With more and more medical innovations that tell us surprising amounts of information about unborn children, the medical ethics of prenatal drugs become significantly complicated. It seems unproblematic to allow couples to see what gender their child will be, but what happens when pregnant women are informed that their children may have congenital adrenal hyperplasia (CAH), a group of inherited disorders of the adrenal gland? Drugs like the steroid dexamethasone are often prescribed for CAH, which can cause faulty adrenal glands and early signs of puberty in boys, and “ambiguous” genitalia and “masculine” tendencies in girls. Some are rightfully challenging the use of this drug, calling its necessity and dubious motivations into question. And much of the reason women are taking it appears to be because of the associations between “masculine” women and homosexuality — whether or not they are doing so consciously, the people who take the drug seem very clearly to want straight, feminine daughters, to the point where they’ll take an experimental drug to get the desired result.
The problematic elements are clear: women are taking dexamethasone (dex) because they are afraid of the “psychosocial problems associated with having ambiguous genitalia” (and here I’m quoting Time), as well as the threat of same-sex attraction, which is less explicitly addressed in the article but is clearly one of the main issues for the people who are prescribing and taking dex. Regardless of whether CAH can actually influence sexual orientation, the anxiety is reflective of fear of traits that blur gender lines. Girls with CAH do not exhibit traditionally feminine traits; they behave “tomboyishly” and do not express the same interest in motherhood. Dex can, essentially, create feminine children who will exhibit “normal” sexual orientations, as well as (and this is pretty shocking) de-masculinize “peer association, career and leisure time preferences in adolescence and adulthood.” Yes – this is implying “masculine” and “feminine” career paths, and suggesting that this drug can push girls toward the correct, feminine track.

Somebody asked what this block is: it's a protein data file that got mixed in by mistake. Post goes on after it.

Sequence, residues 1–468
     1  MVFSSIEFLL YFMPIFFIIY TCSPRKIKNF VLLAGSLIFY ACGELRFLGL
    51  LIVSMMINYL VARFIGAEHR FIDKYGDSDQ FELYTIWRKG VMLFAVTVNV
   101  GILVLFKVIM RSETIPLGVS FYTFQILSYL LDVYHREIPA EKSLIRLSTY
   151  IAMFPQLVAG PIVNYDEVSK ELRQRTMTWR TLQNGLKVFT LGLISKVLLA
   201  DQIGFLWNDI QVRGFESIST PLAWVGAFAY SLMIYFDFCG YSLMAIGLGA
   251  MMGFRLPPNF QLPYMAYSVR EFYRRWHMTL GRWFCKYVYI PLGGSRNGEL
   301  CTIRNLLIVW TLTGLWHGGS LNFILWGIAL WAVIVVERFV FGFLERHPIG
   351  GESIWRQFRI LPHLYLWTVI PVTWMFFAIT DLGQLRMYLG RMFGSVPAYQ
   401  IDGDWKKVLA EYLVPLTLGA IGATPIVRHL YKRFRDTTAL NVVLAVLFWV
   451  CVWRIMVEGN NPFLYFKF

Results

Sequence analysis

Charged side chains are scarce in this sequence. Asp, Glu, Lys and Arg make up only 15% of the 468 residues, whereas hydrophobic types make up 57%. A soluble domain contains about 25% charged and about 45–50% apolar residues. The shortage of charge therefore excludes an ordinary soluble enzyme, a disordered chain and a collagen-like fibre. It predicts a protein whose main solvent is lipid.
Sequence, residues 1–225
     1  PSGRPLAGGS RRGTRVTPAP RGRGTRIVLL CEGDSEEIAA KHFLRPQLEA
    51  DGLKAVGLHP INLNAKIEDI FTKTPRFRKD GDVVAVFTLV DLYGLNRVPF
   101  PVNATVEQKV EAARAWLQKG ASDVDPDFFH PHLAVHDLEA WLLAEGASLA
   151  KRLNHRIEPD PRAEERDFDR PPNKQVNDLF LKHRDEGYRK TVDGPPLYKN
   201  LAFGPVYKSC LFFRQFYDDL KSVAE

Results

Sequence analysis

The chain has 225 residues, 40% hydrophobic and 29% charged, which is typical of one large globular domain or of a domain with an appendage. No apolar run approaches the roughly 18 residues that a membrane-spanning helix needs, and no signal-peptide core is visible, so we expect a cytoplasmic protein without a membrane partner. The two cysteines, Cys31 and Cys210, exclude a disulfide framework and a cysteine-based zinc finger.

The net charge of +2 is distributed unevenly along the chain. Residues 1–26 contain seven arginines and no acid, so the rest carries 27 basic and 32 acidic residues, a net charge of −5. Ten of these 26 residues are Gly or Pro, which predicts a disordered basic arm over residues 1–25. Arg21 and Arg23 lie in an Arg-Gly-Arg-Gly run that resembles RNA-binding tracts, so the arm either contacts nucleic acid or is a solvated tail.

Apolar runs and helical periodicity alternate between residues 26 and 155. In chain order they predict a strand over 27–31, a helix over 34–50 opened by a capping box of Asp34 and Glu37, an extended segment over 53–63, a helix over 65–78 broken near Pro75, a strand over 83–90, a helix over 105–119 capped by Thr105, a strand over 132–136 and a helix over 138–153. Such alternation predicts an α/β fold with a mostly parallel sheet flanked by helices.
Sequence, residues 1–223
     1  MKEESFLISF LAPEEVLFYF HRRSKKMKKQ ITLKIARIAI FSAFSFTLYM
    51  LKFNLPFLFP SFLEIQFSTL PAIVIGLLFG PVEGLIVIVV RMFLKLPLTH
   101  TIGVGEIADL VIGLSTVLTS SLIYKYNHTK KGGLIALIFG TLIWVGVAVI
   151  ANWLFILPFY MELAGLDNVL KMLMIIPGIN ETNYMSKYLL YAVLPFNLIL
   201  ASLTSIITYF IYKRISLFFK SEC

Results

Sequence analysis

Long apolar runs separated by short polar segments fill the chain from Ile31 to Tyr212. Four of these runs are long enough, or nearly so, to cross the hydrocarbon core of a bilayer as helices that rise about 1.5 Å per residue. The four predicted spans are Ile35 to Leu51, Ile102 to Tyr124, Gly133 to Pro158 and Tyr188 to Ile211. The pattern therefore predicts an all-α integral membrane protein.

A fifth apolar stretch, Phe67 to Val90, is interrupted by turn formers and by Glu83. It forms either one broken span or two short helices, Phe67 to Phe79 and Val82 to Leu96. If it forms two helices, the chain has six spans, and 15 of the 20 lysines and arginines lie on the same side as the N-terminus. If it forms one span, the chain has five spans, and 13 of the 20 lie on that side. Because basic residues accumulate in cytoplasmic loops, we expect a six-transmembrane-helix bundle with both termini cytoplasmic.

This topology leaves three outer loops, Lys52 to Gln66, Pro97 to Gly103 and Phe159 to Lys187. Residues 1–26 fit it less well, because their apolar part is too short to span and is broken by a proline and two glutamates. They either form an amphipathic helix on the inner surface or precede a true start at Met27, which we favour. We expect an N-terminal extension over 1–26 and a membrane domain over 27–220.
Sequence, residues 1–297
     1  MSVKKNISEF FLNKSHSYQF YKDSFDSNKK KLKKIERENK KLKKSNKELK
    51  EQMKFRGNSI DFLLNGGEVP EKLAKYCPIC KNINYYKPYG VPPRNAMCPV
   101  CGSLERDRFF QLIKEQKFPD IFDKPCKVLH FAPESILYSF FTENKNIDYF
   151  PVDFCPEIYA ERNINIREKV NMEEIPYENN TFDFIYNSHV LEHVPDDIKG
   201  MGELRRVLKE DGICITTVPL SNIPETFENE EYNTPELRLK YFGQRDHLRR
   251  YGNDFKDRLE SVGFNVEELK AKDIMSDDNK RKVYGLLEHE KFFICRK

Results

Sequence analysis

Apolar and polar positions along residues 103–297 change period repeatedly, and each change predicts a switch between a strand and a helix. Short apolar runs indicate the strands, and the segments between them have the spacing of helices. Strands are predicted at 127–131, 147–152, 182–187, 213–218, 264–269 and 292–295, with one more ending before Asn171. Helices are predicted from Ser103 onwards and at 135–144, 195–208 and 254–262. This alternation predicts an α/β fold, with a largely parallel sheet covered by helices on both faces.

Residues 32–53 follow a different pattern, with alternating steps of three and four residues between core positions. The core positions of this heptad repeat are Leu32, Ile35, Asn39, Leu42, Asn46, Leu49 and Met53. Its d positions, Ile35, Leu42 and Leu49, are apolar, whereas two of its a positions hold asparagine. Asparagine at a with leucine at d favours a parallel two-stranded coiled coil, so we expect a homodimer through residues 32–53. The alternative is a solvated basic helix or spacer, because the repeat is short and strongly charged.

I don’t know where to start with this. First of all, the idea of ambiguous genitalia being a problem has led, in the United States, to a shocking number of “corrective” surgeries on infants that, to my mind, seems not far off from the practice that in other countries we call “genital mutilation.” But here’s the kicker: the drug doesn’t cure CAH, and many women who take the drug are shocked to discover the ethical controversy, mostly centered around informed consent, that surrounds the drug. New York doctor Maria New has been leading in prescribing the drug, but her methods are extremely ethically dubious.
The impetus to prescribe and take dex is, clearly, spurred by a severe anxiety about the idea of giving birth to daughters who, whether or not they are lesbians, blur gender boundaries and challenge traditional conceptions of what is masculine and feminine. The solution, though, is not to take an unnecessary drug, but to rethink the way we deal with gender so that “masculine” daughters with “ambiguous genitalia” are no longer such a source of fear that women will take an experimental, off-label drug to “cure” them.
Read more: health policy, pregnant women, experimental drugs, gender anxiety